There were a number of good reasons why after six years of production, Canadian director/producer Jason Loftus chose the 24th edition of the Thessaloniki Documentary Festival (TDF) in March for the world premiere of his unique mixed-media feature-length documentary, Eternal Spring: The Heist of China’s Airwaves.

The documentary which won the festival’s “Peter Wintonick” Fischer Audience Award (Best International Feature) and the Hellenic Parliament’s Human Values Award, went on to more success at a number of prestigious festivals including this month’s Melbourne Documentary Film Festival held at the Nova Cinema which will hold additional screenings on August 5 and 7.

“I had worked on the film for six years and had carried out small test screenings. The TDF was the first big audience to see the film. We made the film in the wide format for the big screen and with the pandemic we didn’t know if that would be available to us. We were very fortunate that as we finished festivals like Thessaloniki were returning to in-person screenings,” Mr Loftus told Neos Kosmos.

Jason Loftus was the producer and director of Eternal Spring: The Heist of China’s Airwaves winner. It is his second documentary. Photo: Lofty Sky Entertainment

The documentary relates to events that followed the Chinese government’s crackdown of the Falun Gong movement in the 1999. Members of the movement which is based on Buddhist and Daoist principles and Tai Chi-like physical exercises, briefly took control of television broadcasts in Changchun City to counter the government propaganda against their movement.

Eternal Spring makes magnificent use of the work of illustrator and comic artist Daxiong (Guo Jingxiong) whose work has received numerous awards in China and in the West his work has featured in graphic novellas such as Star Wars: Adventures: Luke Skywalker and Justice League of America among others. Daxiong is a native of Changchun and lived through the events covered in the film. He was also the conduit through whom the survivors channel their experiences of the event. He is there when they talk and the illustrations that he draws stirs their memories and also drive the narrative.

Police stage a violent arrest in a graphic scene from Eternal Spring. Photo: Lofty Sky Pictures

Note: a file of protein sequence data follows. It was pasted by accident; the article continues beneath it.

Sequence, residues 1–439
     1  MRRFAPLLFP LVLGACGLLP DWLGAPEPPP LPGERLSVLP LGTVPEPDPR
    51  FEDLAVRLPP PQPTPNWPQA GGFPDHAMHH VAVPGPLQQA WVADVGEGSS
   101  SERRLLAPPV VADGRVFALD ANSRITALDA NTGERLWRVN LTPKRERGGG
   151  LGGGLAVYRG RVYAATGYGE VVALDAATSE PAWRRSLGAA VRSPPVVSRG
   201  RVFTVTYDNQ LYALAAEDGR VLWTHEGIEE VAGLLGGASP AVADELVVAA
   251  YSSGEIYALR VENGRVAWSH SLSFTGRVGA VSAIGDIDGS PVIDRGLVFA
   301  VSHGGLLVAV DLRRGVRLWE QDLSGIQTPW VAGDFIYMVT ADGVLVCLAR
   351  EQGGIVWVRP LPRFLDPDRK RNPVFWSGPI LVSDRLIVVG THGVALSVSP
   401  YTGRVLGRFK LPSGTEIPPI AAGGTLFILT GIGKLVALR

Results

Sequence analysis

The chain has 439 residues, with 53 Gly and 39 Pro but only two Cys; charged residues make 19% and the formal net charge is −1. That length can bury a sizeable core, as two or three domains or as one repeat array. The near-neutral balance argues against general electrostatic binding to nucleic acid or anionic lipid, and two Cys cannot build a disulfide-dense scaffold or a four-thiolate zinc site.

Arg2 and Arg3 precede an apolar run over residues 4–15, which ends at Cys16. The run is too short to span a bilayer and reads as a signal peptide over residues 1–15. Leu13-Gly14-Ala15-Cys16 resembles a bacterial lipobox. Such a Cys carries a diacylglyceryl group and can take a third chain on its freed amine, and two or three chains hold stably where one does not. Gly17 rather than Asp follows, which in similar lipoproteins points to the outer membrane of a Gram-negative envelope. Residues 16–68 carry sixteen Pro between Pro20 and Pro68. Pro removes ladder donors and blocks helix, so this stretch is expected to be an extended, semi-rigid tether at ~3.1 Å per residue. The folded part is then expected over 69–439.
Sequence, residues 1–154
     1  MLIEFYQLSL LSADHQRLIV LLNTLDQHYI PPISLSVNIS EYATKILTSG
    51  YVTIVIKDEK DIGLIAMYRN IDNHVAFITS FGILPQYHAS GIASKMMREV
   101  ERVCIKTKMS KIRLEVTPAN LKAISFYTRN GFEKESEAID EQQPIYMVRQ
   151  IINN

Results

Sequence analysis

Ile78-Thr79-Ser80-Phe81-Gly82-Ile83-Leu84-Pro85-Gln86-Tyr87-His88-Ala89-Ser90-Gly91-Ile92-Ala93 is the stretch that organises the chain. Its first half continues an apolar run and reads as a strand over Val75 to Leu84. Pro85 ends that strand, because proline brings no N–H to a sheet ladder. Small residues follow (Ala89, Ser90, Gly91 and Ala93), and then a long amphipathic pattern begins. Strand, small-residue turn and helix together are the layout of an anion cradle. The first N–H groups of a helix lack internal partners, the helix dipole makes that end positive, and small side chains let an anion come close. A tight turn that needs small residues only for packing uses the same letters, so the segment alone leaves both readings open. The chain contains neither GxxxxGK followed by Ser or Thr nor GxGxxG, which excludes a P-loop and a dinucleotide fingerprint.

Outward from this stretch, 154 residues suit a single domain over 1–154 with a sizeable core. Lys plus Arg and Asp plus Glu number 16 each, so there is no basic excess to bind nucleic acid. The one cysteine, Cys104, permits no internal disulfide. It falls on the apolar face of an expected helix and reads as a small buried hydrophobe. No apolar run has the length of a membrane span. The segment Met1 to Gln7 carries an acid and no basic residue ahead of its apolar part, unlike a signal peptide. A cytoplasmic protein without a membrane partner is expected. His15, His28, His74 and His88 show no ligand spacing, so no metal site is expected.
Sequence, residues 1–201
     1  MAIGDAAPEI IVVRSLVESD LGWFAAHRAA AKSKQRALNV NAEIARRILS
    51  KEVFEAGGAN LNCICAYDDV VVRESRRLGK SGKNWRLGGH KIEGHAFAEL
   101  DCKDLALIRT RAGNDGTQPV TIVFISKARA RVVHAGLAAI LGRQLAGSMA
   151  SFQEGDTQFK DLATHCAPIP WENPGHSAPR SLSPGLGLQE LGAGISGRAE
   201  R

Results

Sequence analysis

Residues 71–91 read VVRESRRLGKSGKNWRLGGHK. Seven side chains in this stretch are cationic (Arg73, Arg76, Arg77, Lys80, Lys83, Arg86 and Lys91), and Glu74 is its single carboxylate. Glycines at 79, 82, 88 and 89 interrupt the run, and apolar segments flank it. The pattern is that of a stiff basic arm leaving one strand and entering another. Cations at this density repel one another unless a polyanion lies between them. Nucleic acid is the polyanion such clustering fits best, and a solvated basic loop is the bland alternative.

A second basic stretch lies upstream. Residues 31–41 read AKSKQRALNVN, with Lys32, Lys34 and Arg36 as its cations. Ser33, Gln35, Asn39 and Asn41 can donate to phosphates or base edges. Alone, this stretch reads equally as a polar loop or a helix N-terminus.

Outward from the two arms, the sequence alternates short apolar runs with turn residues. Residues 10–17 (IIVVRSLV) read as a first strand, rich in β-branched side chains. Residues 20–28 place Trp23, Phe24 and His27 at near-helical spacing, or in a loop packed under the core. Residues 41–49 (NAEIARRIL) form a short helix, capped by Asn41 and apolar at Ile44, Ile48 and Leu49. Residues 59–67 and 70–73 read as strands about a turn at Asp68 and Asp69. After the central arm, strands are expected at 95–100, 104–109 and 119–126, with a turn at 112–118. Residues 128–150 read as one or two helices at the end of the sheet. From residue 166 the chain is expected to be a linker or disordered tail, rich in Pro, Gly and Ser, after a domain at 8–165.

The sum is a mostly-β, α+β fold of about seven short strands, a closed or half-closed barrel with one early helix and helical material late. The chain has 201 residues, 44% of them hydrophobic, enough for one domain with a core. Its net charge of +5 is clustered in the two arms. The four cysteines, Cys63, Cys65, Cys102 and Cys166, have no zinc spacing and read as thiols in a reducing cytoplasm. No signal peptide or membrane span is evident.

“Daxiong has amazing talent and I was very fortunate to have him collaborate as an artist in telling his personal story,” Mr Loftus said.

“In Thessaloniki, the audience was sombre and quiet at the end of the screening. I did not know how they felt about it until the Question-and-Answer session – the questions flooded in and the session had to be cut off to make way for other screenings. I was answering more questions in the lobby,” said Mr Loftus. “As a filmmaker it was very heartening to have people connecting with the film after all that hard work.”

Film participant “Mr. White,” was an actual member of the TV hijacking operation in Changchun that is the subject of Eternal Spring: The Heist of China’s Airwaves. Photo: Lofty Sky Pictures

The TDF has a reputation as a strong international festival, he said. The fact that the same team that is in charge of the Thessaloniki Film Festival as the TDF, means that the works that finally make it on the festival screen have been vetted by people who know film and their selections draw the attention of the big film distributors, agents and the media.

“For a film to get onto the festival, the organisers will have already seen hundreds of films. So the major players will come to see what has been selected.”

Thanks to the film’s success in Thessaloniki, an agent contacted Mr Loftus company Lofty Sky Pictures and has already helped to seal a number of deals for it to be screened elsewhere. Mr Loftus said that the film would be screened commercially in a number of American cities which would further qualify the film for a number of awards – including the Academy Awards if it meets the right criteria.

Artist/illustrator Daxiong (Guo Jingxiong) at work during the making of Eternal Spring. (Photo: Lofty Sky Pictures

For Mr Loftus attending the TDF was also an opportunity for him to bring his wife, Masha and their two sons to Greece for a bit of tourism.

“Masha, who is Chinese, found a lot of connections with the Greek people -both China and Greece are old cultures with long histories. We toured Athens and Santorini before going to Thessaloniki for the festival.”